Freedom to Tinker: The Double-edged Sword
“Freedom to Tinker” is not only an apt title for a great blog; it is also an overarching theme that spans many of the thoughts that have been occupying my spare brain cycles over the past few weeks.
Freedom to tinker can be a wonderful, empowering thing. It’s at the root of every invention, every new business, every mashup (no matter how puerile). It’s at the root of the open source software that I’ve come to embrace more and more recently.
In other words: it’s fun to futz. But not only is it fun - it’s also important and valuable. Robert Pirsig paints a protagonist in Zen and the Art of Motorcycle Maintenance who stands in stark contrast to the other characters in the book because of his ability and, more importantly, desire to understand every last ball bearing in his trusted machine. The trait is timelessly invaluable.
Letting the end users of a product tinker with it has a downside though. Facebook took a huge amount of flak from its users for their most recent changes, but as TechCrunch points out, they should probably just ignore it. “When you listen to your users, you get vanilla, feature creep, boring.” The Getting Real crowd would have similar things to say (about user feedback, not necessarily the UI design).
However, the tinkerers are probably not the ones sitting around whining about the new design. They are the ones building applications to interact with Facebook’s API, or building the next Facebook entirely. It’s important to engage these tinkerers and power users, for entirely selfish reasons. When you listen to your users, you get vanilla. When you listen to your power users, you get the App Store. Not only that, but you get an entire App Store’s-worth of developers who are interacting with your product instead of building a competitor.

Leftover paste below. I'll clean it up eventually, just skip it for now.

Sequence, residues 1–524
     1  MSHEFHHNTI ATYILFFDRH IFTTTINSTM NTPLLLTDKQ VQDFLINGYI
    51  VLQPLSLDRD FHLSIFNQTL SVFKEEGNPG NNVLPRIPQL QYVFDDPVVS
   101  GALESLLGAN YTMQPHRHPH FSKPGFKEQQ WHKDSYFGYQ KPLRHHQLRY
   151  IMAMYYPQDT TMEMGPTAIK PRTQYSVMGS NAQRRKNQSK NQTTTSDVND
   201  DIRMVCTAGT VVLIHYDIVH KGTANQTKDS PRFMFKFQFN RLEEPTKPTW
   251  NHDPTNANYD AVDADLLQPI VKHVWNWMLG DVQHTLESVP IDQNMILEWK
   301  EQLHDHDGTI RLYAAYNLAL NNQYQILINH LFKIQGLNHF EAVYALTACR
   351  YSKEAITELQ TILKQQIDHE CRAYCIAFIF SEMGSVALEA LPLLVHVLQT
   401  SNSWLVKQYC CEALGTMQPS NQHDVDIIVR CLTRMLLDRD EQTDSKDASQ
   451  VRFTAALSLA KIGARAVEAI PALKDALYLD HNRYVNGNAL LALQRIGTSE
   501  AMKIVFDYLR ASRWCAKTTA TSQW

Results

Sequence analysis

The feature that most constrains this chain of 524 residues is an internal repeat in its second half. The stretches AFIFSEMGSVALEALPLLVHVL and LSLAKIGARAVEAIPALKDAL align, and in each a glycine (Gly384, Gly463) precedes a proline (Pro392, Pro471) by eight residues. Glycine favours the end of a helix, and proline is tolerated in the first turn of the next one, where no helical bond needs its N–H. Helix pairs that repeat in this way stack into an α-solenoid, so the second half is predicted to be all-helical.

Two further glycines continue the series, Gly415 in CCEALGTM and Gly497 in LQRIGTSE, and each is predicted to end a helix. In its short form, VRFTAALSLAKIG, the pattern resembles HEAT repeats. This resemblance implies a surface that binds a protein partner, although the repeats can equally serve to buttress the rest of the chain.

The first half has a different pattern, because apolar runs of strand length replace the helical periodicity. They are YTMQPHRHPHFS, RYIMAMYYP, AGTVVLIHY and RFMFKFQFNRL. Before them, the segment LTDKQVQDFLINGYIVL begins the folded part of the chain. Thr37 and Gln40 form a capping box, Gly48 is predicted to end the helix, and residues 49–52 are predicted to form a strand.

Web browsers are another example. In theory, it’s great and completely reasonable to say that people should be able to tweak their browsers, choose different browsers based on their personal preferences and needs, write their own if they are so inclined and able. But it makes life very hard if you’re publishing content and have to worry about how it’s going to show up in 18 different settings. Even if you agree that you should make sure it’s minimally functional everywhere, it’s a giant hassle and takes a lot of the, well, fun out of content creation.
Sometimes it is a legitimate design decision to force a browser choice (or other choices) on the user - for example, the iPhone only allowing Safari. In some ways, it can be just as fun to have an implementation hidden and unavailable to you as a user - this is at the root (and is unfortunately a tradeoff) of the “it just works” approach.
Of course, mentioning browser wars leads directly to the idea of standardization. I won’t delve too deeply into that topic here, but I did have a particular quote stick with me from Stephen D. Crocker’s op- ed in the Times a couple weeks ago, on the early days of the Internet:
Instead of authority-based decision-making, we relied on a process we called “rough consensus and running code.” Everyone was welcome to propose ideas, and if enough people liked it and used it, the design became a standard.
So when is it best to practice strict enforcement of standards, versus letting users play around and “roll their own”? Or is that even the right dichotomy?